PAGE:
At the hearing of the application, the applicant was represented by Mr. Allan Kikwe and Mr. Wamukoota while the respondents were represented by Mr. Nelson Nerima.  Counsel for the parties filed written submissions as had been directed by this honourable court.


I have considered the application as a whole.  I have related the same to the law applicable.  I have also studied and comprehended the respective submissions by learned counsel.  I will go ahead and decide this application as argued. 

Substantially what is being challenged in this application is the decision by the respondents to suspend the applicant.  It is this decision that the applicant wants prohibited and quashed by way of certiorari.  These are prerogative orders.  The law relating to grant of prerogative orders was summarized ably in the celebrated case of R  V Electricity Commissioners Ex Parte London Electricity Joint Committee Company [1924] 1 K.B. 171 that:-

“whenever anybody of persons having legal authority to determine questions affecting the rights of subjects, and having the duty to act judicially, act in excess of their legal authority, they are subject to the controlling jurisdiction of the King’s Bench Division exercised in these writs.”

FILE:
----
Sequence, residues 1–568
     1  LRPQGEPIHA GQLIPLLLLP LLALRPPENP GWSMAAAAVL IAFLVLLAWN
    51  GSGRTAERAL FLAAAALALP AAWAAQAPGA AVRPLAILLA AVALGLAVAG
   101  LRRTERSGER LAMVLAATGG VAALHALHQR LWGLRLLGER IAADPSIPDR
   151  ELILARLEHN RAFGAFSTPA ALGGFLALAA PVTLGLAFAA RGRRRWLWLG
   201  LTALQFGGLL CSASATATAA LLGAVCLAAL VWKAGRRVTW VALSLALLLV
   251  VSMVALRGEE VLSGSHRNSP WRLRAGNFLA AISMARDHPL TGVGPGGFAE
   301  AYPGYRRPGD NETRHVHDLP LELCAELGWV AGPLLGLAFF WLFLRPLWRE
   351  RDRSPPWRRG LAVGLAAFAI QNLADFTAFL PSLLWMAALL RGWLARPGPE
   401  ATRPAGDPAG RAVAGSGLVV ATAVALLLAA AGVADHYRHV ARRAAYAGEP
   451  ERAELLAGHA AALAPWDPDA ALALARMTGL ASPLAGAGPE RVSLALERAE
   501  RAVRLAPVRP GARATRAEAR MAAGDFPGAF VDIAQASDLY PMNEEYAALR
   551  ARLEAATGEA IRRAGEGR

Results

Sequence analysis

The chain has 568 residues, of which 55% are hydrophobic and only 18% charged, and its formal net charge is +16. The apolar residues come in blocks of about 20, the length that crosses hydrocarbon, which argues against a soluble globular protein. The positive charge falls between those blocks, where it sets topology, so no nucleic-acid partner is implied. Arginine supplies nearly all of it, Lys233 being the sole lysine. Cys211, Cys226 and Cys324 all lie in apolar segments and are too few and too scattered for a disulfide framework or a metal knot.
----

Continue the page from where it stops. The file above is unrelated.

In Uganda the said decisions are subject to the controlling jurisdiction of the High Court.  In the instant application the applicant has sought for an order of certiorari and prohibition.


The issue for determination is whether in suspending the applicant the 2nd respondent breached the basic tenets of natural justice namely that the applicant was not afforded a fair hearing.


In his submission Mr. Allan echoed the averments in the affidavit in support of the motion and further submitted that it is not in dispute that the applicant was suspended by the respondents without being heard which was in total breach of the rules of natural justice and accordingly the applicant was condemned unheard.